Making up religious beliefs and social customs is one thing; of course people should research. But I'm still not convinced that attempting and failing is worse than not trying at all. People do have the right to write what they like, it's just they also have the obligation to do their best with it</i>. I'd like to see more honest attempts at POC work by white writers (just like I'd like to see more by POC writers!), because putting Other cultural experiences in the limelight starts a discussion in which assumptions can be questioned and corrected, either the author's or the reader's.

For example, I never would have known half of what I know about gypsies, Romany, or Tinkers if there hadn't been that fiasco over Lisa Mantchev's story "The Stolen Word" in Fantasy in 2008.
Oct. 21st, 2009 05:01 am (UTC)
I think we are talking about different things here.

I am not talking about white people writing (well-researched) PoC characters. I am talking about people, anyone (though it usually ends up being white authors), making up the cultures of under-represented peoples and attributing those cultures to them, knowing that it is completely fictitious.

I, too, would like to see more well-written works about PoC by white authors, as well as more stories by PoC authors.
Oct. 21st, 2009 07:40 pm (UTC)
Haha, oops! I should have made it clear I wasn't responding directly to your statement, just trying to add something I see as related.

A lot of well-deserved dirt gets flung because of cultural appropriation, but I don't want the fallout raining on actual idiots to scare away people who're making an honest effort.

My convoluted thought process wasn't really spelled out (sorry!), but mostly I just wanted to be sure there was a comment somewhere in this thread where someone says, "Hey, I'll forgive you for failing as long as you actually tried."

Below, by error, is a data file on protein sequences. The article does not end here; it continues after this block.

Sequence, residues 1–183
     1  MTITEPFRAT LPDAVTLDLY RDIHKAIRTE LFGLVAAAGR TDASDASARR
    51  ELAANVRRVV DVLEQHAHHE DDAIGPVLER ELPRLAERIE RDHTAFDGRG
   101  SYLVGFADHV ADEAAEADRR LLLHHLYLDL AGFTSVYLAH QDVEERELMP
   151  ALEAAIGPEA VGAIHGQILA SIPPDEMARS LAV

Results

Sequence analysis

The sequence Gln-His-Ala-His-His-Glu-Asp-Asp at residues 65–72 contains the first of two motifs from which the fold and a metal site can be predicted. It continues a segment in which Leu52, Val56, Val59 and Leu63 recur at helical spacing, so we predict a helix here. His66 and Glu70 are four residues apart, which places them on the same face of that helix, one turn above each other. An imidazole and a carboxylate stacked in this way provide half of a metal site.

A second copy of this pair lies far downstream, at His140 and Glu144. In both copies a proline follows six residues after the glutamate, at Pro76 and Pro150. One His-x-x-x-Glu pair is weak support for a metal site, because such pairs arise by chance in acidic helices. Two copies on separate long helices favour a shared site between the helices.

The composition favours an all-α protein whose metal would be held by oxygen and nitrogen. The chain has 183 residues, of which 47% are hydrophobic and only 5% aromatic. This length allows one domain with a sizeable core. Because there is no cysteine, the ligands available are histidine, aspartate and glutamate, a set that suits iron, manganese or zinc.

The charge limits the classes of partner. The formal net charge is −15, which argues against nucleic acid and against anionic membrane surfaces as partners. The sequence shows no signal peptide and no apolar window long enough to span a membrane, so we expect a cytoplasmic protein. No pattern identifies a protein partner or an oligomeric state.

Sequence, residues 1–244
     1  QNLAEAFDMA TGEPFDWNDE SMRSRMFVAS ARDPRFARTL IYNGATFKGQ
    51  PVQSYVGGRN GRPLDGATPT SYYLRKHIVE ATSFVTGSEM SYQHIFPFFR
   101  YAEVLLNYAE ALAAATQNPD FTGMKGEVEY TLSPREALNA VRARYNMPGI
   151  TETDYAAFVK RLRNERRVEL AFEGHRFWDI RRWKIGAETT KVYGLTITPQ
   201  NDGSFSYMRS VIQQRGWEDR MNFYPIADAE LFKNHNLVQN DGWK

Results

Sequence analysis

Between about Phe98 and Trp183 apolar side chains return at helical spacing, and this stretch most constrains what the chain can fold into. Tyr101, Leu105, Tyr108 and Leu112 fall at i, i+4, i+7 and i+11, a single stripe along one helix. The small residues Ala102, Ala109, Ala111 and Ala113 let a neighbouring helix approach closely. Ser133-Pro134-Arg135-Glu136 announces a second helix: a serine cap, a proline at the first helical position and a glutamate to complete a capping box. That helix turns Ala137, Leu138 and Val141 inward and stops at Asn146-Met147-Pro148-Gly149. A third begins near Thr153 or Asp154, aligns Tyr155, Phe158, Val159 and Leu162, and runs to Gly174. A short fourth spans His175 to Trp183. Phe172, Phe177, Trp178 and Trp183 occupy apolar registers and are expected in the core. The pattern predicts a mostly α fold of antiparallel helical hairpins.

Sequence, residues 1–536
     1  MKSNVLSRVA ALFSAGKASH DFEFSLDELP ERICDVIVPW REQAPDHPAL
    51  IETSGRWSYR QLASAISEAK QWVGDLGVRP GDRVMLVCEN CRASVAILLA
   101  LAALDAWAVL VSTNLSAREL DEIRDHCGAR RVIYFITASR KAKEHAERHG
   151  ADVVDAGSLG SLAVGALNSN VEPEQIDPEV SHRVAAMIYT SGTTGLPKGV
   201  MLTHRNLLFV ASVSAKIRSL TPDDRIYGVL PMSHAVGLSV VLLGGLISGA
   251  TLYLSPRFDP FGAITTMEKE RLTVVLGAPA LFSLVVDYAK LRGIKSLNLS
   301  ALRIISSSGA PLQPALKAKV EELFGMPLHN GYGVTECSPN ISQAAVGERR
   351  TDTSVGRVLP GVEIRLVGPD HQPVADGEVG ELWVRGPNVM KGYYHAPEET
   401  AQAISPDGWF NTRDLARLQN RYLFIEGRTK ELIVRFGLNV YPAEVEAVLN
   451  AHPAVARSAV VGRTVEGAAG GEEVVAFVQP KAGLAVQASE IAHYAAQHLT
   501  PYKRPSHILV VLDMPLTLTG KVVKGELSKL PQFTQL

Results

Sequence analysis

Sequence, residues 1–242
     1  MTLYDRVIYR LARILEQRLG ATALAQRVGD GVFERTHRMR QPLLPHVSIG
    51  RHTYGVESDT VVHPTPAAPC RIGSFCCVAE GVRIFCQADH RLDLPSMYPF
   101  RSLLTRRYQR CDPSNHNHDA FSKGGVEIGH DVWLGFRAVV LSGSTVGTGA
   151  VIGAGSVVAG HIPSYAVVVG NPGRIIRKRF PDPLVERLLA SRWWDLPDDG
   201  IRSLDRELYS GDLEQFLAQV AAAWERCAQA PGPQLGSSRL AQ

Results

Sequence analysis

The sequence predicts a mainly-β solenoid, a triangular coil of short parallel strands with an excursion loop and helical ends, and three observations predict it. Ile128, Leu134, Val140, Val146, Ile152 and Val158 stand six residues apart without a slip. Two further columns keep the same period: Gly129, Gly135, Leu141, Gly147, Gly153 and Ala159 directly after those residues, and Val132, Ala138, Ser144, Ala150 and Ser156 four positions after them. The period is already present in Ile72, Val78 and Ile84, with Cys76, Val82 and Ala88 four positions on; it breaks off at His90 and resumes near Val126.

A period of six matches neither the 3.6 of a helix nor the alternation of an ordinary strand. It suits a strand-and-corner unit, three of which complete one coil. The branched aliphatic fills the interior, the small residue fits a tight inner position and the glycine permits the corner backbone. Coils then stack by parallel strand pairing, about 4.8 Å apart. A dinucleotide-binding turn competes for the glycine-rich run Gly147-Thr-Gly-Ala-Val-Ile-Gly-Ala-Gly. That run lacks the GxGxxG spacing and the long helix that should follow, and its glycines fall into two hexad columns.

... So did you get something really terrible in the slush that prompted this post? ;)
Oct. 21st, 2009 09:08 pm (UTC)
Folks should feel free to (do their research and) write outside of their comfort zone, but we're also interested in publishing stories which succeed, not ones in which the authors tried and failed. So when authors give it (what they consider) a good faith effort and fail, I usually take the time to tell them where they haven't done their research and why their story doesn't actually get where they wanted it to go. There are often obvious avenues of research they did not pursue.

But the folks who make me the angriest are the ones who feel they should not have to bother with research and how DARE I suggest to them that they have to!

That said, I've been getting stuff in the slush pile since the magazine BEGAN which prompted this post. ^_^

What finally triggered it was a sense that my feelings on the subject must not be clear enough in the submissions guidelines, because people ignore the guidelines on this point or misunderstand them. So, I set about another round of submissions guidelines edits and decided to make a blog post on the subject as well.

Most of the cultures which were made victim of this phenomenon are Native (which is why that got its own guideline) or African/African Diaspora. I've seen it done once or twice to cultures in East or South Asia, and once to Jewish culture.

So I got to tell authors off for making up stuff about my own people as well as those of other peoples.

Also, a note to white authors: "Writing Black characters" does not mean "writing Black 'ghetto youth' stereotypes!"

Edited at 2009-10-21 09:08 pm (UTC)
( 8 comments — Leave a comment )